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Black Swan

Once a while we read a book. And once every decade we stumble over a truly remarkable writing which broadens our horizon. One of such a rare event happened when we discovered Nassim Nicholas Taleb in October '08.

While most statisticians deal with the bell shaped Gauss curve and drop outliers from their considerations, he focuses on the opposite side: Being a trader in New York he likes to think about extremely rare, but high impact events (as we experience one in these weeks).

Then he shows, that the more information one has, the less one understands. Especially in our globalized, criss cross linked world. This world has chaotic behavior, what means in a mathematical sense, that an arbitrary small change of an input can have a total disproportional result in the output; the causality is lost.

Sometimes one feels that things in our live are on the odd side, but Taleb has the gift (and experiences from his work) to make a story out of it. Quote from his website: "My major hobby is teasing people who take themselves & the quality of their knowledge too seriously & those who don’t have the courage to sometimes say: I don’t know....". Teasing is friendly description for his style.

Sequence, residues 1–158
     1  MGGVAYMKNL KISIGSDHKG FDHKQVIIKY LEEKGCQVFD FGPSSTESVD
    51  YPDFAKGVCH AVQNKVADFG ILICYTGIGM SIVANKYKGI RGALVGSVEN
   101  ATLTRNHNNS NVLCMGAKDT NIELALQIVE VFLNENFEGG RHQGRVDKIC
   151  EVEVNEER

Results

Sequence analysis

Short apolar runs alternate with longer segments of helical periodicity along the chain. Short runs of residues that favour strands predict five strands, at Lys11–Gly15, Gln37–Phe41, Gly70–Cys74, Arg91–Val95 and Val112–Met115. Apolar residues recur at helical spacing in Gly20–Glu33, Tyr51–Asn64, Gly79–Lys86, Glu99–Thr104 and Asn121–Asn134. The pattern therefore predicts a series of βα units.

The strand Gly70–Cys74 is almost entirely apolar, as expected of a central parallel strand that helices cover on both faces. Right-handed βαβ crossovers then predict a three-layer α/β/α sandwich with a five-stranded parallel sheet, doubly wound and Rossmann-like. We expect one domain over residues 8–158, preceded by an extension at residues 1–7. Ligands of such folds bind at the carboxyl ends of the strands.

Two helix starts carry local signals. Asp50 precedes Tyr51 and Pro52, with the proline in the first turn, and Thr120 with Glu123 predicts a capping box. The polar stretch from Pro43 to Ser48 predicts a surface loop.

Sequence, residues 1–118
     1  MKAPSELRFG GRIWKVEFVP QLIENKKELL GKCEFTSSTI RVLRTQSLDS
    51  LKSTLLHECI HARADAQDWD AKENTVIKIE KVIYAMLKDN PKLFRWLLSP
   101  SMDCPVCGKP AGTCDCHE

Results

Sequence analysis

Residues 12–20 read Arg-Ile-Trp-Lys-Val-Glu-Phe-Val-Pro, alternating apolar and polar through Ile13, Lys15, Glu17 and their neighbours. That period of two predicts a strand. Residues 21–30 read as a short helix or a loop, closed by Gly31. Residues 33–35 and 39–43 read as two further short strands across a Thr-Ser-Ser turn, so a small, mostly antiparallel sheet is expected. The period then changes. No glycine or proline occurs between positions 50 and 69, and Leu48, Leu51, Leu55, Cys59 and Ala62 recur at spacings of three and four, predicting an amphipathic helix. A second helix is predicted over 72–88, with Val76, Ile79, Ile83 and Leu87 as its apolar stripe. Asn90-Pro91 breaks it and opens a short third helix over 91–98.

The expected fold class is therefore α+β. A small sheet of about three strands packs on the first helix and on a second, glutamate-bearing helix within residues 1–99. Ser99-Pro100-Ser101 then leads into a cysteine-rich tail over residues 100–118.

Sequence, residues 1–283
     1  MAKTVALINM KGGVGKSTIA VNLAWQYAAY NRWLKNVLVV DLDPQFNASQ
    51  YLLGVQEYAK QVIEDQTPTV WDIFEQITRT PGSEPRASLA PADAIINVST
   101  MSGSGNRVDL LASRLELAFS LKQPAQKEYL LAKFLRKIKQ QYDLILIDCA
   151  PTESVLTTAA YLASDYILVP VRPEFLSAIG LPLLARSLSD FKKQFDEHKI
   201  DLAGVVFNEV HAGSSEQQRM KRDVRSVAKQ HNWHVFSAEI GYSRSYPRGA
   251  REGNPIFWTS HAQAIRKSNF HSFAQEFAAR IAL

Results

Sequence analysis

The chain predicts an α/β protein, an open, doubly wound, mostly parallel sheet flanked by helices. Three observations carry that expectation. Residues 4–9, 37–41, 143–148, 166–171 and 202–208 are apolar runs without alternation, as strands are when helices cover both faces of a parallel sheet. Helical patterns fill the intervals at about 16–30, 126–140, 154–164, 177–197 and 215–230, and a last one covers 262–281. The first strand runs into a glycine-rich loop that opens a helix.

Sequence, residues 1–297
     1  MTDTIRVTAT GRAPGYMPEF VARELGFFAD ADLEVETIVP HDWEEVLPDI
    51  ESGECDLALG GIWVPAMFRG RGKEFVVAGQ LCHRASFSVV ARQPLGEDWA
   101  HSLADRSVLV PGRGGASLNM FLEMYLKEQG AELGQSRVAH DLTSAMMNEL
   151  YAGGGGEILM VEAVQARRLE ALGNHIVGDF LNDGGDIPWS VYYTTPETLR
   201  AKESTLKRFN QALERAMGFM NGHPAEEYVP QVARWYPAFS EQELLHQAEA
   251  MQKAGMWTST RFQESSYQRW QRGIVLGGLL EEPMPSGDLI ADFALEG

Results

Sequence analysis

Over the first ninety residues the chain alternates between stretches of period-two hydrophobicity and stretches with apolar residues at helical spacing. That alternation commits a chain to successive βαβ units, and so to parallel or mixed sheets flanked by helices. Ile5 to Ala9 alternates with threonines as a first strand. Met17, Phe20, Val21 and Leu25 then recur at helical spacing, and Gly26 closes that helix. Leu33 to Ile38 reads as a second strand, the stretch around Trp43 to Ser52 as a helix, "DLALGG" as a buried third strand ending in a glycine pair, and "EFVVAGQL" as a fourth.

His first book is Fooled by Randomness. The Hidden Role of Chance in Life and in the Markets from 2001. The second is, Black Swan. The Impact of the Highly Improbable is written between 2003-2006. Both are an intellectual joy to read. Taleb is, overall, a Black Swan itself. IfF you want to read only one book from him, then the first one.

This links the Chaos Theory in which we have been interested since 25 years with today's arrogant CEOs behavior. Talebs insight won't change the world, but he put a few things back on ground. A random ground.

2008-11-05